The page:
Reeve Foundation launches new campaign to combat stigma

Posted by Reeve Staff in Daily Dose on April 23, 2019 # Mobility, News, Events

There are over 61 million Americans living with a disability, representing the largest minority group in the U.S. Despite strength in numbers, the voices of the paralysis community have become diminished and their achievements are overshadowed by the misperceptions on what it means to live with a disability.

We want the world to see every individual for who they really are and look beyond their injury or disability. As Christopher Reeve taught us, one thing cannot define everything.

Today, the Christopher & Dana Reeve Foundation launched a national campaign -- See Us -- to gather the largest collection of stories from individuals living with paralysis and ignite a national conversation that challenges the stigmas and stereotypes wrongfully assigned to our community.

The Reeve Foundation appointed three campaign ambassadors to be featured in a national PSA for See Us ( that highlights the misperceptions they face as someone living with paralysis. The PSA was created by purpose-driven agency OBERLAND. The ambassadors include:

Jessie Chin: Born in Staten Island, Jessie is a student at City College who aspires to become a high-school counselor to help at-risk youth. He is also a “sit down” comedian who has performed at comedy clubs across the NYC-area and credits the power of laughter for his positive outlook on life. He sustained a spinal cord injury as a result of gun violence at a young age.

Just because someone is living with a disability does not make them less of a person. My life does not stop, from attending college to performing comedy in front of large audiences. I want the world to see me simply for who I am—a son, brother, friend, boyfriend, student, athlete, model and comedian. Everyone faces adversity, in fact, it’s something we all have in common. How we deal with our circumstances defines us.—Jessie Chin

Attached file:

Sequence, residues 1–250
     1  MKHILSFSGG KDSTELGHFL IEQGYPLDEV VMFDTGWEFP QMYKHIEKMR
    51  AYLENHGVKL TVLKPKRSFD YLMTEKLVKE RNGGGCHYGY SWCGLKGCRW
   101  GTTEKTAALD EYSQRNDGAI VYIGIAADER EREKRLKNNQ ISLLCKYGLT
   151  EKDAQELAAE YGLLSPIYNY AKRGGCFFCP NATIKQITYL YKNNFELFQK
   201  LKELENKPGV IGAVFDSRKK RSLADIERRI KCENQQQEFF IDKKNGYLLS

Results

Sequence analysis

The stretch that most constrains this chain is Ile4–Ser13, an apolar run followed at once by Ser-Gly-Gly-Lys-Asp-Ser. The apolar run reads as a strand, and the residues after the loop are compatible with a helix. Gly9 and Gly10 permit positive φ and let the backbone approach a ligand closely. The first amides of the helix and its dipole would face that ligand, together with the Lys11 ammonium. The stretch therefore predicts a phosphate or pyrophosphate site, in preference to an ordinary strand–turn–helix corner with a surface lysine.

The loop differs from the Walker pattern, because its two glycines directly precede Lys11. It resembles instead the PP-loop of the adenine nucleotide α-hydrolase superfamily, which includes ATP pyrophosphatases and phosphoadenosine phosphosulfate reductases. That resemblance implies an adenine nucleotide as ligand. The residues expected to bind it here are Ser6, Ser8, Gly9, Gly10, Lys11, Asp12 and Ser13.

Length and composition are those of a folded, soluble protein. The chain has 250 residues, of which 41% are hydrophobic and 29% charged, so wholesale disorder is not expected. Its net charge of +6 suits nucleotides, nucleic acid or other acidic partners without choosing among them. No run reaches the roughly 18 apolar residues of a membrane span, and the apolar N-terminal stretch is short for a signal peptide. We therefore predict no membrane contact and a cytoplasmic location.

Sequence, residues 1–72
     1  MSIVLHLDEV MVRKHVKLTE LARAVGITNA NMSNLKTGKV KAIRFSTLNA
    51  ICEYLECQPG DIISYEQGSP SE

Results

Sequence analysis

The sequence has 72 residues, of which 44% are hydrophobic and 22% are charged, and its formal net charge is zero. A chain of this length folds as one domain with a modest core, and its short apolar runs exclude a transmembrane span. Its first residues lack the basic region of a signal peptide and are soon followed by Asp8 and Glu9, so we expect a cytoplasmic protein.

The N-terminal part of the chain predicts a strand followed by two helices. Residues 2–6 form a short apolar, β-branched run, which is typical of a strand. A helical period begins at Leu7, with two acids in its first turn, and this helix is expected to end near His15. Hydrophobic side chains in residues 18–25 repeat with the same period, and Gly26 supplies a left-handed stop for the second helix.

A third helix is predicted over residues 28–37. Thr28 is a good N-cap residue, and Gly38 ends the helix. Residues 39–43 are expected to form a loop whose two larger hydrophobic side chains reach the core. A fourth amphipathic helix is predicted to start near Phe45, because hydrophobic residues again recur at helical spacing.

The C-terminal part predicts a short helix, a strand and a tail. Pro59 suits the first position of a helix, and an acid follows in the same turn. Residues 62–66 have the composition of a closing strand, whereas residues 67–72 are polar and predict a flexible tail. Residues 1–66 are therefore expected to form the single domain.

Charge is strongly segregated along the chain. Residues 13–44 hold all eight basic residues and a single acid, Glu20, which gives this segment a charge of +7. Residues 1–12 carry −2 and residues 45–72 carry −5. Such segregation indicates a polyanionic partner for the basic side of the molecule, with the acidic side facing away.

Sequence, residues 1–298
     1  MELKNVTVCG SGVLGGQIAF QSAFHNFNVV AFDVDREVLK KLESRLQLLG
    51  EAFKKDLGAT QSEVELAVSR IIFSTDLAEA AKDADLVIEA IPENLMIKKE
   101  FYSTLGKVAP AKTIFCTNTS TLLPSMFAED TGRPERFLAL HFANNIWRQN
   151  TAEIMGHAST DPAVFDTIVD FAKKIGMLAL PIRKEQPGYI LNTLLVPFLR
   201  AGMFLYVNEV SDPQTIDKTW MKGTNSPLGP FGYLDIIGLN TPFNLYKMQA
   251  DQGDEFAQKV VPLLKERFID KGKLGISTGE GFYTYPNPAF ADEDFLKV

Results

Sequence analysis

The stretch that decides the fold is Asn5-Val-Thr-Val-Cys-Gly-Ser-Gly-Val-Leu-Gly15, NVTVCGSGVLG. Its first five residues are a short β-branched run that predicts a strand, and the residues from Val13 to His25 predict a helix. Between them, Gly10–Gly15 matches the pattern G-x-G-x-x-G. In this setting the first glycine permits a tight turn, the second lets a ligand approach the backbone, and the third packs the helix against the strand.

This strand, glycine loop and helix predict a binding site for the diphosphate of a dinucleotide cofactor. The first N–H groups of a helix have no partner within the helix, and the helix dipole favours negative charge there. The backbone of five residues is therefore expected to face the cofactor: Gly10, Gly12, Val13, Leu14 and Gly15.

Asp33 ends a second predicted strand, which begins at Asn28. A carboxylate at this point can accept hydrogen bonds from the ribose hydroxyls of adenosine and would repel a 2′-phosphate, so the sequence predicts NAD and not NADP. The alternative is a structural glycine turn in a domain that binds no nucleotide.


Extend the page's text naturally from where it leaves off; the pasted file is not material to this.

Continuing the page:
Laura Grace Beck: Self-described adventurer and activist, Laura lives in Chattanooga, TN, with her husband and two German Shepherds. Since sustaining a cervical spinal cord injury in 2016 as a result of motor vehicle accident, Laura continues to travel, explore the outdoors, and share her journey on Instagram at @anhonestquad.

I want to see a world in which it’s no longer curious to see a wheelchair user everywhere you go and for the community to feel empowered, and not let their ‘disability’ define them. I want an accessible world, a world full of adaption that opens the doors for us to have the same opportunities that every other individual is given. See Us, to me, is about opening the eyes of others who look the other way, fighting for inclusivity, hoping for a cure, and never letting our disability stop us from living our very best life possible.—Laura Grace Beck

Ian Malesiewski: Currently a freshman at the University of Miami, Ian sustained a spinal cord injury in 2016 while wrestling at the Cadet World Team Trials. He was a Division 1 wrestling and football recruit with aspirations of becoming a collegiate athlete, but his life changed in an instant after being paralyzed from the neck down. He is pursuing a neuroscience degree and using his platform to advocate for increased rights and resources for individuals with disabilities.

I want to show people how paralysis doesn’t define my life or derail my future. I want to be seen as a dedicated and disciplined human being, just as I was prior to my injury. We’re all people, just with a little less movement.—Ian Malesiewski

Join the movement: Visit to upload your story and learn more about the campaign. You can also go to Instagram or Facebook right now and use the hashtag #ReeveSeeUs to tell the world who you are with a powerful photo or video and share your story in the caption.

The time for change is now and it starts with your story. We need your words to spark a movement that is long overdue. Tell the world -- don't just look at us. See Us.

The National Paralysis Resource Center website is supported by the Administration for Community Living (ACL), U.S. Department of Health and Human Services (HHS) as part of a financial assistance award totaling $8,700,000 with 100 percent funding by ACL/HHS. The contents are those of the author(s) and do not necessarily represent the official views of, nor an endorsement, by ACL/HHS, or the U.S. Government.